David Akers (1975/88)
From an overall rarity standpoint, the 1924-D is nearly identical in all respects to the 1925-D and 1926-S although it is much more rare than the latter in gem condition. Prior to the mid-1950s, the 1924-D was considered to be an extremely rare issue, but subsequent discovery of several small hoards changed this. Now the 1924-D is correctly considered to be one of the medium rarities of the series. However, since the hoards contained only low quality Mint State pieces for the most part, this issue remains very rare above MS-63 condition, and it is extremely rare and nearly unobtainable in true gem condition. The finest example I have seen was a coin grading at least MS-65+, and possibly even MS-67, that appeared in a December 1981 NASCA auction and was later in Marty Haber's personal type set. Dr. William Crawford purchased the coin from Mr. Haber. Amon Carter, Jr.'s coin (now owned by Dr. Steven Duckor) is also a full gem, close in overall grade to the NASCA piece and a bit more sharply struck. I have seen only a very few other gem quality pieces, so this is obviously a major rarity in MS-65 condition.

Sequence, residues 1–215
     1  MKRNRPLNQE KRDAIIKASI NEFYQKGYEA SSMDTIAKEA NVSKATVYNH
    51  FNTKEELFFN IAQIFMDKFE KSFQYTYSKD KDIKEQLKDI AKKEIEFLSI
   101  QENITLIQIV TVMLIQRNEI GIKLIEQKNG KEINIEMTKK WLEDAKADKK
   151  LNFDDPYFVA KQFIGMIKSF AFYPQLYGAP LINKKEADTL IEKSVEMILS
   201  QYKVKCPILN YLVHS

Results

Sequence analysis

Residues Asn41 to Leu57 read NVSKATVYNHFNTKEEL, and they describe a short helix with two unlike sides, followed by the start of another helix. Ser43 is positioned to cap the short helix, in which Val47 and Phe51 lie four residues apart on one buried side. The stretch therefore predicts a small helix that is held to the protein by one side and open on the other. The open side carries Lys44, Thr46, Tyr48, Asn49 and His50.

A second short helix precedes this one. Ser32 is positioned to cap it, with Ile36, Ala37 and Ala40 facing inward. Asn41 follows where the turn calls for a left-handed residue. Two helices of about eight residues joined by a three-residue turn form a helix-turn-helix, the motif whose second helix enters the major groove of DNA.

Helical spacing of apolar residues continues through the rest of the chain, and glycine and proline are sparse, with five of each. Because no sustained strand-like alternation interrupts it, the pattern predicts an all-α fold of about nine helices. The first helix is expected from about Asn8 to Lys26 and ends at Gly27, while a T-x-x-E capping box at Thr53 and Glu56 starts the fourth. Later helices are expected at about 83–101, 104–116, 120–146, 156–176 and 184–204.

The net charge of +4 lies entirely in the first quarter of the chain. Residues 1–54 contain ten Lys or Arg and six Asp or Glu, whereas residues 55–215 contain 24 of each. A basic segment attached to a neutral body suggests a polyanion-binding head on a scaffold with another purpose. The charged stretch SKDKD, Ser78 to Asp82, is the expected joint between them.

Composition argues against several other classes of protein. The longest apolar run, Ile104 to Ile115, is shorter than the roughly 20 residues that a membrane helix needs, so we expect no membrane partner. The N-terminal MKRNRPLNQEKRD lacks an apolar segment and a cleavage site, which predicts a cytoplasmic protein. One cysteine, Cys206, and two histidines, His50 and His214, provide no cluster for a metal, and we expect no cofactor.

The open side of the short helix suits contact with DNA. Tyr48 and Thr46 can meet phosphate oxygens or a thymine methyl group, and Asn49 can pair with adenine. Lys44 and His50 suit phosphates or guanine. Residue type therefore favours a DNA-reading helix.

The 1924-D is usually well struck on the central devices, but many specimens are weak (sometimes very weak) at the borders from die deterioration. Lustre is typically above average and color is nearly always very good, generally greenish gold and orange or rose. The 1924-D is always very frosty, and the few really top grade examples I have seen have been very silimar in general appearance to a nice 1923-D, except possibly for the weakness at the rims.